Lipopolysaccharide binding protein

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Lipopolysaccharide binding protein
Identifiers
Symbols LBP ; BPIFD2
External IDs OMIM151990 MGI1098776 HomoloGene3055 GeneCards: LBP Gene
RNA expression pattern
PBB GE LBP 214461 at tn.png
PBB GE LBP 211652 s at tn.png
More reference expression data
Orthologs
Species Human Mouse
Entrez 3929 16803
Ensembl ENSG00000129988 ENSMUSG00000016024
UniProt P18428 Q61805
RefSeq (mRNA) NM_004139 NM_008489
RefSeq (protein) NP_004130 NP_032515
Location (UCSC) Chr 20:
36.97 – 37.01 Mb
Chr 2:
158.31 – 158.33 Mb
PubMed search [1] [2]

Lipopolysaccharide binding protein is a protein that in humans is encoded by the LBP gene.[1][2]

LBP is a soluble acute-phase protein that binds to bacterial lipopolysaccharide (or LPS) to elicit immune responses by presenting the LPS to important cell surface pattern recognition receptors called CD14 and TLR4.[3]

The protein encoded by this gene is involved in the acute-phase immunologic response to gram-negative bacterial infections. Gram-negative bacteria contain a glycolipid, lipopolysaccharide (LPS), on their outer cell wall. Together with bactericidal permeability-increasing protein (BPI), the encoded protein binds LPS and interacts with the CD14 receptor, probably playing a role in regulating LPS-dependent monocyte responses. Studies in mice suggest that the encoded protein is necessary for the rapid acute-phase response to LPS but not for the clearance of LPS from circulation. This protein is part of a family of structurally and functionally related proteins, including BPI, plasma cholesteryl ester transfer protein (CETP), and phospholipid transfer protein (PLTP). Finally, this gene is found on chromosome 20, immediately downstream of the BPI gene.[2]

Interactions[edit]

Lipopolysaccharide-binding protein has been shown to interact with CD14, TLR2, TLR4 and the co-receptor MD-2.[4][5][6]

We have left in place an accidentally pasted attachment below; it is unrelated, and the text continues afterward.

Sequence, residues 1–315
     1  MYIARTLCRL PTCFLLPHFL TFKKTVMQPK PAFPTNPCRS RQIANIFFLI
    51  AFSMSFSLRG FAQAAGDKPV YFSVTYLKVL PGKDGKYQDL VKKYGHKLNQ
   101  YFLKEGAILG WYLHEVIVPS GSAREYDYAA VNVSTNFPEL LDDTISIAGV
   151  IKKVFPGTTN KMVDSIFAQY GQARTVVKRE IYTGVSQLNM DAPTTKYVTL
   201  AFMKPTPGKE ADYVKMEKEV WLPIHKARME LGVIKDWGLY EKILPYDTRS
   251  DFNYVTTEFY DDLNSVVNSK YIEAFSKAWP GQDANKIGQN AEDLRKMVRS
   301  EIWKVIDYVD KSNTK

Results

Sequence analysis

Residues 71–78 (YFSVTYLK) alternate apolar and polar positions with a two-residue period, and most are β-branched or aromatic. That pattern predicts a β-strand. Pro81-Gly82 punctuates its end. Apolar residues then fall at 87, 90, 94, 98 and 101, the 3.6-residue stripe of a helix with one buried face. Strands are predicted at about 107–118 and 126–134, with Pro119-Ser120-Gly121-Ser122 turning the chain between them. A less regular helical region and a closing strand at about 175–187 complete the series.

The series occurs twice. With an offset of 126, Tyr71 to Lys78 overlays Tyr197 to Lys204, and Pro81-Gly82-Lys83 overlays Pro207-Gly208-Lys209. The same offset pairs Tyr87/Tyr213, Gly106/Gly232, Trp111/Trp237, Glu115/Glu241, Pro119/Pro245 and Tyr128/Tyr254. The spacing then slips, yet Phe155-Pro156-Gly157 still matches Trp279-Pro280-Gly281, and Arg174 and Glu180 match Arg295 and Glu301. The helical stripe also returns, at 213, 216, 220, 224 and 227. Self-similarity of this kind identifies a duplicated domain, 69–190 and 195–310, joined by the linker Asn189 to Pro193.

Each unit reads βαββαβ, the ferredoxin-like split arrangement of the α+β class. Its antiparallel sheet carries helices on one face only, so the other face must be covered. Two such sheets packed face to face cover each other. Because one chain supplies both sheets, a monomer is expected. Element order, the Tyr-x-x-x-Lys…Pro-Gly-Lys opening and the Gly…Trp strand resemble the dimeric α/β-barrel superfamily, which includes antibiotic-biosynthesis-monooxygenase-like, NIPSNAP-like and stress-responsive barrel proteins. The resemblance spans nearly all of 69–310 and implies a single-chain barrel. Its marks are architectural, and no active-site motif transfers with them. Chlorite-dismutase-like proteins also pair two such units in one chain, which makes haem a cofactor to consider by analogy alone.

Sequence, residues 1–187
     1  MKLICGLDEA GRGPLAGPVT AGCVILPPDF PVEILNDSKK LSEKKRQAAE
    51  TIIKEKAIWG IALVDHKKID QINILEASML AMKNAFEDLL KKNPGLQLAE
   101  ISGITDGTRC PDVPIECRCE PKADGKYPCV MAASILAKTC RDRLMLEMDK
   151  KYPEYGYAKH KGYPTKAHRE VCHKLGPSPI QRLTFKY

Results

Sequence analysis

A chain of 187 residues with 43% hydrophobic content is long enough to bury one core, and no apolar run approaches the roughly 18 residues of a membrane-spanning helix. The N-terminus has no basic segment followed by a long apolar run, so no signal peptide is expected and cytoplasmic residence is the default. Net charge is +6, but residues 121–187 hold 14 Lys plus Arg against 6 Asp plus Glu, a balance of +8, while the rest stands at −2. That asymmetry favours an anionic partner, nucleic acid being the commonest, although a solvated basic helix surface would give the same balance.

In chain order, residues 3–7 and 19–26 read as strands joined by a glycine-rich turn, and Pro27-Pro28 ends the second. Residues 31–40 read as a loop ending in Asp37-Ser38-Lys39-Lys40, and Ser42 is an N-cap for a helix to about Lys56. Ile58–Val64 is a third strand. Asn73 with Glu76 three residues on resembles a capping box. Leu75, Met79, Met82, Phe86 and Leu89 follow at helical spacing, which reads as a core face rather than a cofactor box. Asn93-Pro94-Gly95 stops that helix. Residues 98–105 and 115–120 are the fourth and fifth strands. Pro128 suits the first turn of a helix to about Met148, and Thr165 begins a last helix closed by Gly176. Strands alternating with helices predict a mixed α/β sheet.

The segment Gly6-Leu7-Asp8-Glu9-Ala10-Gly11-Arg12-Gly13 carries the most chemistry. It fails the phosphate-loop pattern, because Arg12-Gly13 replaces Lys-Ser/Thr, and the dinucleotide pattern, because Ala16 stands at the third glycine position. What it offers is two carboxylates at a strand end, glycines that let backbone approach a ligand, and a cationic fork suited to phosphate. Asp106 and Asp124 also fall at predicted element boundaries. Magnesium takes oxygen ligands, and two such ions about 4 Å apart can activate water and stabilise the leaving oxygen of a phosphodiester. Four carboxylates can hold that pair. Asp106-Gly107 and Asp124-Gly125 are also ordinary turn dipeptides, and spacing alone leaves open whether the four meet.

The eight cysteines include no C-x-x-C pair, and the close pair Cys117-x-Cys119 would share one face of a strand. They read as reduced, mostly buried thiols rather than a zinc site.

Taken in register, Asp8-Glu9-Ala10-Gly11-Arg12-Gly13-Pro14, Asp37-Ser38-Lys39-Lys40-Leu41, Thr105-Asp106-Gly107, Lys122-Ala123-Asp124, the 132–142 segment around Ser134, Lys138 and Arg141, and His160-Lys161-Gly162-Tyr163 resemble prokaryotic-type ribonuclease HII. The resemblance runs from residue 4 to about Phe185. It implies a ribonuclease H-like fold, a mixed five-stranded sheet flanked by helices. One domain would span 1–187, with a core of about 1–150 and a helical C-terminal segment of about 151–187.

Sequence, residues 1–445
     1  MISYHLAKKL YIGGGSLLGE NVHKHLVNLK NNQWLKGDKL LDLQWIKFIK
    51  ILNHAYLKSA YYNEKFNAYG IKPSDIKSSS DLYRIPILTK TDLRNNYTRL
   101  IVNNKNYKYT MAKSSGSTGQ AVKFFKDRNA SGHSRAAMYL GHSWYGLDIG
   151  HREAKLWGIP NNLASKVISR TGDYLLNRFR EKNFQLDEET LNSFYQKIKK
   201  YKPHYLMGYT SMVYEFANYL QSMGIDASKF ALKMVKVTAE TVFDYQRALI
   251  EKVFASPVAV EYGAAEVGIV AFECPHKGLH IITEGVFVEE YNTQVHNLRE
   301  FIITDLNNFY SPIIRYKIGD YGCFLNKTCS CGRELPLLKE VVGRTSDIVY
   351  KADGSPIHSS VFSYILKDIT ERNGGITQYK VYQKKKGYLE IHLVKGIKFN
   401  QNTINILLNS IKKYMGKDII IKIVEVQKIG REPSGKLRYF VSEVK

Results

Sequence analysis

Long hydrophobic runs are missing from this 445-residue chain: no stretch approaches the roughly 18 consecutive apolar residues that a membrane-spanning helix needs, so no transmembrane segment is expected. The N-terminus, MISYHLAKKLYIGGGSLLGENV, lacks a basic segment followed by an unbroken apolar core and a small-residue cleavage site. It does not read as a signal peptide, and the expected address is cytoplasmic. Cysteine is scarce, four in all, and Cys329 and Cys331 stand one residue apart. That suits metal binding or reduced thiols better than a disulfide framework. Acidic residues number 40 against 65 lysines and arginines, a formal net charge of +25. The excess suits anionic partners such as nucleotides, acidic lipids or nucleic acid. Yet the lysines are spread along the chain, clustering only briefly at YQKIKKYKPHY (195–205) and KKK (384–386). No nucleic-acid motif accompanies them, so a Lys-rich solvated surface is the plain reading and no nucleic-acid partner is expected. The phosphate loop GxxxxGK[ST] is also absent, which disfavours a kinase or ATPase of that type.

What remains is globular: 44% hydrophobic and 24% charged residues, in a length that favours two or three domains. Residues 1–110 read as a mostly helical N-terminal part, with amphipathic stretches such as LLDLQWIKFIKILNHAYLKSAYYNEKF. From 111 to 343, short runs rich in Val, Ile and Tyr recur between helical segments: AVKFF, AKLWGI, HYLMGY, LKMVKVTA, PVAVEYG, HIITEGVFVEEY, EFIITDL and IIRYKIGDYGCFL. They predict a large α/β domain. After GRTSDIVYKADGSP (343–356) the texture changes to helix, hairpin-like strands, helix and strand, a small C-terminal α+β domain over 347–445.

References[edit]

  1. ^ Gray PW, Corcorran AE, Eddy RL Jr, Byers MG, Shows TB (March 1993). "The genes for the lipopolysaccharide binding protein (LBP) and the bactericidal permeability increasing protein (BPI) are encoded in the same region of human chromosome 20". Genomics 15 (1): 188–90. doi:10.1006/geno.1993.1030. PMID 8432532. 
  2. ^ a b "Entrez Gene: LBP lipopolysaccharide binding protein". 
  3. ^ Muta T, Takeshige K (2001). "Essential roles of CD14 and lipopolysaccharide-binding protein for activation of toll-like receptor (TLR)2 as well as TLR4 Reconstitution of TLR2- and TLR4-activation by distinguishable ligands in LPS preparations". Eur. J. Biochem. 268 (16): 4580–9. doi:10.1046/j.1432-1327.2001.02385.x. PMID 11502220. 
  4. ^ Thomas, Celestine J; Kapoor Mili; Sharma Shilpi; Bausinger Huguette; Zyilan Umit; Lipsker Dan; Hanau Daniel; Surolia Avadhesha (November 2002). "Evidence of a trimolecular complex involving LPS, LPS binding protein and soluble CD14 as an effector of LPS response". FEBS Lett. (Netherlands) 531 (2): 184–8. doi:10.1016/S0014-5793(02)03499-3. ISSN 0014-5793. PMID 12417309. 
  5. ^ Yu, B; Wright S D (1995). "LPS-dependent interaction of Mac-2-binding protein with immobilized CD14". J. Inflamm. (UNITED STATES) 45 (2): 115–25. ISSN 1078-7852. PMID 7583357. 
  6. ^ Erridge, C; Pridmore, A; Eley, A; Stewart, J; Poxton, IR (2004). "Lipopolysaccharides of Bacteroides fragilis, Chlamydia trachomatis and Pseudomonas aeruginosa signal via toll-like receptor 2.". Journal of Medical Microbiology 53 (Pt 8): 735–40. doi:10.1099/jmm.0.45598-0. PMID 15272059. 

Further reading[edit]

External links[edit]

This article incorporates text from the United States National Library of Medicine, which is in the public domain.